Chat apps like Slack, Microsoft Teams, and Cisco Spark promise to revolutionize the way employees work. In fact, Gartner predicts that by the end of 2022, 70% of teams will rely on chat apps as their primary means of communication, coordination, and information sharing. Their versatility as a work hub has even lead to a new term to describe these platforms: workstream collaboration.
But in order to realize this goal, there’s a lot of work to be done on the backend. To be truly useful, for example, your chat app needs to connect to a wide range of enterprise apps so that employees can access information and perform tasks in those apps. Then there are the non-technical challenges, like getting employees to adopt this new interface en masse.
Business systems professionals are uniquely situated to address both the technical challenges of adopting chat apps and the social hurdles. They are also one of the only groups that have the ability to drive company-wide productivity improvements. Here are a few ways that we’ve seen systems experts utilize chat platforms like Slack—without increasing overall complexity.
Choose truly versatile tools to augment your workstream collaboration platform
Chat apps like Slack are mainly useful because of their ability to do more than just foster communication. Their potential lies in their ability to become the new employee UI: a central place from which workers can interact with other systems.
In fact, augmenting its chat feature is a key part of Slack’s overall strategy in the workstream collaboration space, according to Brian Elliott, VP and General Manager of Slack Platform. “If you talk to people who are heavy Slack users and see what they do, you get that it’s actually a primary way in which people get their work done,” he says.
At the same time, analyst and workstream collaboration expert Alan Lepofsky notes that “For products to win in the market, they need an ecosystem, not just native features.”
In other words, workstream collaboration tools need to be able to execute holistic workflows in a unified UI. These workflows span three broad categories:
- Basic app integrations (like notifications)
- Native workflows (executed from inside the chat console)
- Enterprise workflows (which require integrating with big apps like NetSuite)
There are a wealth of third-party tools that claim to help turn workstream collaboration platforms into true work hubs. In fact, the Slack App Directory alone has over 1,500 listings. Some of these are native app connectors for common tools like Google Drive and Jira. But there’s also a wide range of bots and plug-ins for almost every function and process imaginable, from taking workplace polls to sending GIFs.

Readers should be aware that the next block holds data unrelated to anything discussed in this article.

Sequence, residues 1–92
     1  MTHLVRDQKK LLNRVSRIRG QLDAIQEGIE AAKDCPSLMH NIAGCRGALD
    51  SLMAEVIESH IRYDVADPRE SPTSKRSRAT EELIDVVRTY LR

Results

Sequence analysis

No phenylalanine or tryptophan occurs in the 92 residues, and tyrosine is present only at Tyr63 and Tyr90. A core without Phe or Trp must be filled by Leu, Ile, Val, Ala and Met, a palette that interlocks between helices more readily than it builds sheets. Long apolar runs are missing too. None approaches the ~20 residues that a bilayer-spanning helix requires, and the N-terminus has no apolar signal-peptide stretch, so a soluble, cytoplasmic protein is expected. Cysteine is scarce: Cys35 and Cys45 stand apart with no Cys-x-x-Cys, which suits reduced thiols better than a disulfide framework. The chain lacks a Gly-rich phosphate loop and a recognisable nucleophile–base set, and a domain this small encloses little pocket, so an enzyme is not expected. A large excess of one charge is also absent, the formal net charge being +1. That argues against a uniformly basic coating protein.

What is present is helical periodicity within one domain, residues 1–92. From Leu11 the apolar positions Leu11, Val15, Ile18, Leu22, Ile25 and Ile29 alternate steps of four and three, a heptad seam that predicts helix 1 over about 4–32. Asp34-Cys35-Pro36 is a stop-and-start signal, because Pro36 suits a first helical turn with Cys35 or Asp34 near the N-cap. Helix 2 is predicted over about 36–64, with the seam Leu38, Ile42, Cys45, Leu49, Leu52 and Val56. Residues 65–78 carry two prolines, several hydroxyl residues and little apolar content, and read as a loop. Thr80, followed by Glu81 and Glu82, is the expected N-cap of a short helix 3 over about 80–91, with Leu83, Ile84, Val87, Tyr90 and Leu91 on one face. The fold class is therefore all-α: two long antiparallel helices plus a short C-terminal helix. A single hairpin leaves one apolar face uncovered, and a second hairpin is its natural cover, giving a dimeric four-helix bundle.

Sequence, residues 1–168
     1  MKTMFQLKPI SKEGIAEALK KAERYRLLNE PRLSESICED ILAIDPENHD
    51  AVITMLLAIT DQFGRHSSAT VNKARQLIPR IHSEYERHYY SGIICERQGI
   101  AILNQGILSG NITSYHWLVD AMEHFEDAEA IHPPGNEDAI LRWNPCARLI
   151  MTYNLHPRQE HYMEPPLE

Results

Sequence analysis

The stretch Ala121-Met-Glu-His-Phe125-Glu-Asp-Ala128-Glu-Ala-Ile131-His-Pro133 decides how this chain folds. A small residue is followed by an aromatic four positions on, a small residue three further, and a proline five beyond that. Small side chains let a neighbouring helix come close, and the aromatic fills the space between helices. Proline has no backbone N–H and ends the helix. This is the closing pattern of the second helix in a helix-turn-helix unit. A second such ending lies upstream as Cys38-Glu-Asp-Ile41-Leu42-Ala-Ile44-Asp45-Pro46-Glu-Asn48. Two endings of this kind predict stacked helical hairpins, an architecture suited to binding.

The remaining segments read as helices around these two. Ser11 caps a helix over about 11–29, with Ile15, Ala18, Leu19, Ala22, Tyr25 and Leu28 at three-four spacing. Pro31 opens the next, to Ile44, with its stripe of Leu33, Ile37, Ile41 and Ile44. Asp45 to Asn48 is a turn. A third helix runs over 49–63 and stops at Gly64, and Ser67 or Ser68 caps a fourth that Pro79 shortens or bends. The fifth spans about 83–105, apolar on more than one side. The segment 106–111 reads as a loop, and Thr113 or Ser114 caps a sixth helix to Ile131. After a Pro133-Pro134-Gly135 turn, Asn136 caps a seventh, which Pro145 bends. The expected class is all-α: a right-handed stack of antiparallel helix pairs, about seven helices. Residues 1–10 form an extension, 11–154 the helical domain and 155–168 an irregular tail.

With so many options, however, and shadow IT still on the rise, business systems leaders have a crucial role to play. They need to help their organizations sort through the available options and choose tools that will appropriately augment their workstream collaboration platform. They also need to figure out where their workstream collaboration platform of choice fits within the organization’s broader integration and automation ecosystem.
At Tenable, for example, product manager Bill Olson notes that: “We took [adopting Slack] as the opportunity to double down and utilize some of the cool stuff that Slack has, like bots and the native or easy-to-build integrations.”
But it was also immediately clear that adopting Slack would change what the company looked for in an integration platform. Whichever integration tool they chose, it would have to be Slack-friendly.
Businesses across every industry are in a similar situation, and business systems leaders can help guide them towards creating an ecosystem that plays well with chat apps—across all teams.
Help identify processes that need a new interface
Business systems leaders are often the first line of response for lines-of-business workers who are encountering a specific pain point—so they’re perfectly positioned to reimagine processes to include a chat component.
“When people feel comfortable coming to us and saying ‘Hey, I can’t do my job because I don’t have the data I need,’ we can build out a roadmap,” explains Brian Flood, Director of Business Systems at Fastly.
This was exactly the case for the systems pros at Asia’s hottest startup, Grab, who wanted to use chat tools to help employees work smarter, not harder.